Nanotechnology? Virtual reality? Bitcoin? How to protect democracy? According to neuroscience professor Ken Kosik, adult education, or specifically engaging in challenging new learning experiences, encourages brain plasticity. Equally as compelling, continued learning has been shown to protect your brain from developing diseases like Alzheimer's. Once thought to be a fad, MOOCs showed staying power in 2016. Dive Brief: EdSurge profiles the growth of massive online open courses in 2016, which attracted more than 58 million students in over 700 colleges and universities last year.
The top three MOOC providers — Coursera, Udacity and EdX — collectively grossed more than $100 million last year, as much of the content provided on these platforms shifted from free to paywall guarded materials. Australian university to offer advanced degrees via MOOC platform. Dive Brief: Australia's Deakin University will launch several new postgraduate degrees next year by way of Massive Open Online Courses (MOOCs), and will offer students a free two-week pilot to acclimate to the program.
One of Australia's first institutions to offer distance learning, Deakin will offer specialized degrees in social service, finance and healthcare, at a cost of about $2,000 for each set of subject content. Why education continues to fail digital content (and students ready to embrace it) In her opinion piece for No Shelf Required, CEO of Metrodigi, Kathryn Stewart, gives three reasons why education has been slow to leverage the benefits of digital content: inferior user experience; shortage of engaging content; and lack of commitment to overcome institutional barriers.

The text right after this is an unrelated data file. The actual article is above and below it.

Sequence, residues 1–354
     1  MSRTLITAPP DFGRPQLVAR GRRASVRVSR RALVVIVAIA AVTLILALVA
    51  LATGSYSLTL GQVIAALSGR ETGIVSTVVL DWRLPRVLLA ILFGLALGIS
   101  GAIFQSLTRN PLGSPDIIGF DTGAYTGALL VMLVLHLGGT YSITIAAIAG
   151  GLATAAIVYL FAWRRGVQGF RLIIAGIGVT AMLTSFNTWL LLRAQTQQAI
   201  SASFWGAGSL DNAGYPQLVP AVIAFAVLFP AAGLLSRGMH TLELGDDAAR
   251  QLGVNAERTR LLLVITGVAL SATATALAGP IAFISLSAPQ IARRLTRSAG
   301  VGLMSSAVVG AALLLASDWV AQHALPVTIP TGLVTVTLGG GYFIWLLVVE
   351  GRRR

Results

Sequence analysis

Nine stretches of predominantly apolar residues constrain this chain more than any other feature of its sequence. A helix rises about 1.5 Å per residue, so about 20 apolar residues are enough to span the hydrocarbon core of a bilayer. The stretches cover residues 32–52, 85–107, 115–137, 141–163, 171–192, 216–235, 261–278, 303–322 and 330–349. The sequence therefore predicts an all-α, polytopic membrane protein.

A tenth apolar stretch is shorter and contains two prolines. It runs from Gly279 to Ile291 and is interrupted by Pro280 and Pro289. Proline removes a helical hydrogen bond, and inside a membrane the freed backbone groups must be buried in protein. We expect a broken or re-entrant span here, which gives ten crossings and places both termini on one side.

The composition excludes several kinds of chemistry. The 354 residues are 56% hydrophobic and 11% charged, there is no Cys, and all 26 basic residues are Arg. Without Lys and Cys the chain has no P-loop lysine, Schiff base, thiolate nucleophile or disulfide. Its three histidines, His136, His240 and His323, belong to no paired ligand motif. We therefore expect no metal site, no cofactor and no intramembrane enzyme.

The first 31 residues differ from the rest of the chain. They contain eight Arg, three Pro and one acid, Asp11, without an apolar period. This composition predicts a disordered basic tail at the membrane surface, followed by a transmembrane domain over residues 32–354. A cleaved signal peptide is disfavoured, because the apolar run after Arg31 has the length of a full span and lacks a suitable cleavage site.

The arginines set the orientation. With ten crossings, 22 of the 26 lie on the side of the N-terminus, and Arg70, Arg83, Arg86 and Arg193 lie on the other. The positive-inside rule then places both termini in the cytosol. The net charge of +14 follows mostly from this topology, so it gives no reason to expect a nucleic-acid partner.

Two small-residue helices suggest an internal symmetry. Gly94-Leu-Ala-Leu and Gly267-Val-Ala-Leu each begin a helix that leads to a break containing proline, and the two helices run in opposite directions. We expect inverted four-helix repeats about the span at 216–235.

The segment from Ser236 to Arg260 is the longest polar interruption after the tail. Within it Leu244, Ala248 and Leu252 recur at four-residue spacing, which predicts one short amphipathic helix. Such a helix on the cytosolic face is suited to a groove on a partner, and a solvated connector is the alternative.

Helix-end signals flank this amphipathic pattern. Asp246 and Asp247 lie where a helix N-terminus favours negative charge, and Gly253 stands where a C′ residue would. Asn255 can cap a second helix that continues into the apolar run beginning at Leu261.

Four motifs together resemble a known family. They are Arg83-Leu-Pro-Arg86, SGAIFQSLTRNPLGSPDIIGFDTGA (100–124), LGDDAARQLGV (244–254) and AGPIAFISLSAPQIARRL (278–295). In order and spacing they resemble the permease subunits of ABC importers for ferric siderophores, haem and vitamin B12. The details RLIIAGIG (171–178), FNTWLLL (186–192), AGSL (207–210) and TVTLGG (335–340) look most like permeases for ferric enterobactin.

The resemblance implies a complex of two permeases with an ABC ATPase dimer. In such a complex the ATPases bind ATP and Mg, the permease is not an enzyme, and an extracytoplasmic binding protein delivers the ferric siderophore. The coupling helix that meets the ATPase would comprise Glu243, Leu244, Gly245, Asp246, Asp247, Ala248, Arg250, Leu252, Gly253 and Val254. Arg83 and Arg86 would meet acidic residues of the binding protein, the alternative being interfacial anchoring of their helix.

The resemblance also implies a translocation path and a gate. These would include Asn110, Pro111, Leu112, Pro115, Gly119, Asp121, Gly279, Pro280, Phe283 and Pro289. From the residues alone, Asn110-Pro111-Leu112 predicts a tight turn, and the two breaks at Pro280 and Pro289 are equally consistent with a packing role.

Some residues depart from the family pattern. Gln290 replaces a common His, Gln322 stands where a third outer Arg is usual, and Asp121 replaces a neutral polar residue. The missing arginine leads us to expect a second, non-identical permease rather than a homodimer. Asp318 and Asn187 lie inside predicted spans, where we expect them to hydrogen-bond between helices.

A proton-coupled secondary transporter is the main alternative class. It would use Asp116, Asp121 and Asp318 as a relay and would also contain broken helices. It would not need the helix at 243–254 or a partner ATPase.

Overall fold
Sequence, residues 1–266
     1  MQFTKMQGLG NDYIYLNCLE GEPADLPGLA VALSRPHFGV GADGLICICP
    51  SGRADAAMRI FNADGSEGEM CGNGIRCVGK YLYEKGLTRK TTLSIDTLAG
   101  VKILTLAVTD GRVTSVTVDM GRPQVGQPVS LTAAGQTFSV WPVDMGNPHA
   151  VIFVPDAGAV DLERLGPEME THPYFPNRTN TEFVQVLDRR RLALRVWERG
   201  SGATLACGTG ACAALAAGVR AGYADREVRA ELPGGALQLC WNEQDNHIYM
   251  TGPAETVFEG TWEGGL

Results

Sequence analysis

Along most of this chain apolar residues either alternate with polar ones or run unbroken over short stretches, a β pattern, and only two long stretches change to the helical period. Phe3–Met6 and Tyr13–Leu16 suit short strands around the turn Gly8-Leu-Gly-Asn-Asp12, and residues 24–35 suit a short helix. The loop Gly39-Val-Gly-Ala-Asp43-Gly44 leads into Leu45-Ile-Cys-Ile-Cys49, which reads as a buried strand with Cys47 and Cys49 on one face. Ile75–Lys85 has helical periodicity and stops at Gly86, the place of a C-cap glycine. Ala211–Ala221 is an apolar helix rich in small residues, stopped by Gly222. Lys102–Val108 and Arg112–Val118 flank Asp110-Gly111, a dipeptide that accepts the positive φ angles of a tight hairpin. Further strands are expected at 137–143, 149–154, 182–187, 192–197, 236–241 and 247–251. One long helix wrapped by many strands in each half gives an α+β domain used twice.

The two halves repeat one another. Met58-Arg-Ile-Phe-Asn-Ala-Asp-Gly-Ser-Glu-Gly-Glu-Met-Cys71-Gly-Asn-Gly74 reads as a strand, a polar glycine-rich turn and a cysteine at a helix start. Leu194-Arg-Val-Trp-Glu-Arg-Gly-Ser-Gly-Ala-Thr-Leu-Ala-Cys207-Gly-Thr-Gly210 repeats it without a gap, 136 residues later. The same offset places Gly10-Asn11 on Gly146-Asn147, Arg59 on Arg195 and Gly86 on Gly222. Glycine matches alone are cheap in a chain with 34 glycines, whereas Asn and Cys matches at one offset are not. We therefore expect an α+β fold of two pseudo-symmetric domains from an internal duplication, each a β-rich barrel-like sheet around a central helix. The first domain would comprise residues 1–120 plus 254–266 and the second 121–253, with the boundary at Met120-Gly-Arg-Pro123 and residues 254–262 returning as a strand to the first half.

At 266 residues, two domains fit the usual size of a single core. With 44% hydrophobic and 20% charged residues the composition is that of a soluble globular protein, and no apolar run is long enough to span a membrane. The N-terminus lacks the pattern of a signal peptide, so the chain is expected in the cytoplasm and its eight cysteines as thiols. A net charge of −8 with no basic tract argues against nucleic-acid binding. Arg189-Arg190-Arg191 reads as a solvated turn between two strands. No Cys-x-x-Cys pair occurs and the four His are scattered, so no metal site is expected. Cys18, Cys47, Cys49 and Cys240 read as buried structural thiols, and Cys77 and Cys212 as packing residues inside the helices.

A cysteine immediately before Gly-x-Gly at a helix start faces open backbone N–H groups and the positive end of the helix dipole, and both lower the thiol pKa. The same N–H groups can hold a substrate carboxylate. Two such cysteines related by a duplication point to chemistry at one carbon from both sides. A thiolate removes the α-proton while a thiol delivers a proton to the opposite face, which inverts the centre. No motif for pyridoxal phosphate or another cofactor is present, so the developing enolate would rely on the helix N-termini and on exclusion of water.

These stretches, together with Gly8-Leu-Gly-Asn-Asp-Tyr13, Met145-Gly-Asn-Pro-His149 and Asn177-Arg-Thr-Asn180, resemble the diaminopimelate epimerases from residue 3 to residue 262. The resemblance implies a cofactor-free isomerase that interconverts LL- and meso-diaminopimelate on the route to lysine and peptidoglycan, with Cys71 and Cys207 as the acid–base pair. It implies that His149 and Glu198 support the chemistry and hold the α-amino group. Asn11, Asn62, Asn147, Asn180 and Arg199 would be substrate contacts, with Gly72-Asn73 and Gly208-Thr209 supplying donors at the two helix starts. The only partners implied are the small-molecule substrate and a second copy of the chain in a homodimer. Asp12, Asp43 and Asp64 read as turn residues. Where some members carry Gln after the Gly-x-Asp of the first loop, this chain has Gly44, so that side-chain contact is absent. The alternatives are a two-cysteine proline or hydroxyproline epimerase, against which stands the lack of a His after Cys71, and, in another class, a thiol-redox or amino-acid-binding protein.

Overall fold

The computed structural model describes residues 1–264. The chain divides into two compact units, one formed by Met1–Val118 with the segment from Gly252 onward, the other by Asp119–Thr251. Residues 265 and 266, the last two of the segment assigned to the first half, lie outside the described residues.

Full article below. —Ed. Facebook offers free education software in US - BBC News. Image copyright Facebook Facebook has taken its first steps into the education market with software that it claims allows children to learn at their own pace.
It is working with non-profit Summit Public Schools which has pioneered a teaching method that allows students to learn online and be mentored in class. Facebook said that he project was completely separate from its social network. There has been some scepticism about the technology firm's move.